One of the fun things about studying law is that I am constantly readind stories in the news and thinking- that reminds me of a case.
This happened this morning when I saw a link to a story about a North Carolina man who rigged up his election sign to act basically as an electric fence. People kept stealing the campaign signs in his yard, so he rigged the sign to deliver an electric shock. And then he set up a video camera.
A 9-year-old boy tried to steal his sign and replace it with another. He got zapped and ran off.
The parents of the boy, apparently not angry that their child was committing trespass and stealing someone’s property, complained to the police.
So here’s a question- can you set up a trap to hurt thieves, when you know someone is likely to steal your property? Like so many legal questions, the answer is maybe.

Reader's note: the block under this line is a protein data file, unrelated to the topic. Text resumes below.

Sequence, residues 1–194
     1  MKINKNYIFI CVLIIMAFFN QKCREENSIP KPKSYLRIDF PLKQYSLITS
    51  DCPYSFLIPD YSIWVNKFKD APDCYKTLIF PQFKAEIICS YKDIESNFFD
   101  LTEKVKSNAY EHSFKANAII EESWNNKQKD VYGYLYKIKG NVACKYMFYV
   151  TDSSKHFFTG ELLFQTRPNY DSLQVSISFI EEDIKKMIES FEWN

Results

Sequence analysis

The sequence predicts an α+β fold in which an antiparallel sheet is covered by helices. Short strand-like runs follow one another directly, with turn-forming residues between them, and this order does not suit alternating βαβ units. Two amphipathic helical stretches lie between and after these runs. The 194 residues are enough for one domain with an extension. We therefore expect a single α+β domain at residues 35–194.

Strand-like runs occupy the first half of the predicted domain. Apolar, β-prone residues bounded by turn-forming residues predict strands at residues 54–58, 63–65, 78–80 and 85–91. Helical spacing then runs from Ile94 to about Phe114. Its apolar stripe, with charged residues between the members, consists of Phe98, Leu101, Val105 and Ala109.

We read a case in torts, Katko v. Briney, where a man rigged a shotgun trap and a thief was seriously injured when he set off the trap. You may be surprised to know that the property owner was found liable in civil court for injuring the thief.
However, the reason is a general principle that property is not as valuable as human life, so while you can use force to protect property, you can’t use deadly force. This of course is only relevant if the victim’s life is not in danger. In Katko, the victim of the theft was over a mile away, so there was no risk to his life- therefore, he didn’t have a right to seriously injure the thief.
Applying this to the campaign sign case, I would guess that since the property owner was an electrician who rigged up just the right amount of voltage to shock, but not injure (he even tested it on himself), the Katko principle would not apply. An electric jolt, like that from an electric fence, is not deadly force, and did not seriously injure the child. So he probably would not be found liable. Then again, if the jolt injured the child, he might be.
Here is the video of the incident